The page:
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Symphony
THE SHOW MUST GO ON
by Steve Osborn
Sunday, January 9, 2022
The Jan. 9 Santa Rosa Symphony concert was supposed to feature the world premiere of Gabriella Smith’s first symphony, but it ended up featuring another type of premiere: a concert that was conceived, rehearsed and performed in less than eight hours. Symphony staff learned on Sunday morning that so
Choral and Vocal
AN OLD FRIEND RETURNS TO WEILL IN STERLING ABS MESSIAH PERFORMANCE
by Pamela Hicks Gailey
Sunday, December 19, 2021
A tremendous accomplishment by the American Bach Soloists Dec. 19 was near perfect performance of Handel's Messiah in Weill Hall. Long an annual tradition at San Francisco's Grace Cathedral, the ABS took to the road and delivered a Christmas gift of epic proportions to an obviously thrilled and enth
Symphony
SHOSTAKOVICH FIFTH THUNDERS AT WEILL HALL CONCERT
by Terry McNeill
Sunday, December 5, 2021
In a new season marketed as “Classical Reunion,” the Santa Rosa Symphony made a palpable connection with its audience at the early December set of three standing ovation concerts in Weill Hall. The December 5 concert, with 1,000 attending, is reviewed here. Vaughan Williams’ popular Fantasia on a T
Chamber
THE LINCOLN RETURNS WITH CLARKE'S PUNGENT TRIO
by Terry McNeill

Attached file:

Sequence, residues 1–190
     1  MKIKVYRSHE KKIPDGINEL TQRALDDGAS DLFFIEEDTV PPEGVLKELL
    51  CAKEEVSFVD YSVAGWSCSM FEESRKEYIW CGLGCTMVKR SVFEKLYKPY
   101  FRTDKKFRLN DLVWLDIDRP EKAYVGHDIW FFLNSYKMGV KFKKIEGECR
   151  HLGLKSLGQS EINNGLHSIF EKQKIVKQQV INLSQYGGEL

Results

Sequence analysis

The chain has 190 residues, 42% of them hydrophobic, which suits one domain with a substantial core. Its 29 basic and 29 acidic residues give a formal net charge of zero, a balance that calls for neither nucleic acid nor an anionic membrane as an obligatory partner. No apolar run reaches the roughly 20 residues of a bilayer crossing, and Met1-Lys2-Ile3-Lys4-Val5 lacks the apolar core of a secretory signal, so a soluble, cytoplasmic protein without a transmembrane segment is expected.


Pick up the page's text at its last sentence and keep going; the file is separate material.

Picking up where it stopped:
Thursday, November 18, 2021
There were many familiar faces Nov. 18 during Music at Oakmont’s initial concert of the season, but perhaps the most necessary were the three musicians of the Lincoln Piano Trio, the Chicago-based group that has performed often in Oakmont since 2006. A smaller than unusual audience in Berger Audito
Symphony
NOSTALGIC BARBER KNOXVILLE AT SO CO PHIL JACKSON THEATER CONCERT
by Terry McNeill
Sunday, November 14, 2021
In their first Jackson Theater appearance of the new season the Sonoma County Philharmonic presented Nov. 14 a program devoid of novelty, but showcasing the “People’s Orchestra” in splendid performance condition after a long COVID-related layoff. Conductor Norman Gamboa drew a committed and boister
Chamber
THRILLING PIANO QUINTETS IN MILL VALLEY CHAMBER CONCERT
by Abby Wasserman
Sunday, November 14, 2021
The Mill Valley Chamber Music Society sprang back to life on November 14 when a stellar ensemble from the Manhattan Chamber Players, a New York-based collective, arrived to perform two piano quintets: Vaughn-Williams’ in C Minor (1903), little known and rarely performed; and Schubert’s in A Major D.
Chamber
MUSCULAR BRAHMS FROM IVES COLLECTIVE IN GLASER
by Terry McNeill
Sunday, November 14, 2021
Leaving SRJC’s Newman Auditorium for the first time in decades, the College’s Chamber Concert Series presented a season-opening concert Nov. 14 in Santa Rosa’s Glaser Center with the four-musician Bay-Area based Ives Collective. The season, the first given since 2020, is dedicated to Series Founder
Symphony
MONUMENTAL BRAHMS SYMPHONY HIGHLIGHTS MARIN SYMPHONY RETURN
by Terry McNeill